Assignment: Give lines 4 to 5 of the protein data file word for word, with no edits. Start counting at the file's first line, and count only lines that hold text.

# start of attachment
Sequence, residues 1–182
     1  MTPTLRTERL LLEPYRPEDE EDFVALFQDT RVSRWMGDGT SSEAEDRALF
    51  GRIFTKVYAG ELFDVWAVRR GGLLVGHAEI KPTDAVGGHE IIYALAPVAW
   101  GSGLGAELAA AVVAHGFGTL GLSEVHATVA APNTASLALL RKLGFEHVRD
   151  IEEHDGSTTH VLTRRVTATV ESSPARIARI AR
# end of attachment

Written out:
   101  GSGLGAELAA AVVAHGFGTL GLSEVHATVA APNTASLALL RKLGFEHVRD
   151  IEEHDGSTTH VLTRRVTATV ESSPARIARI AR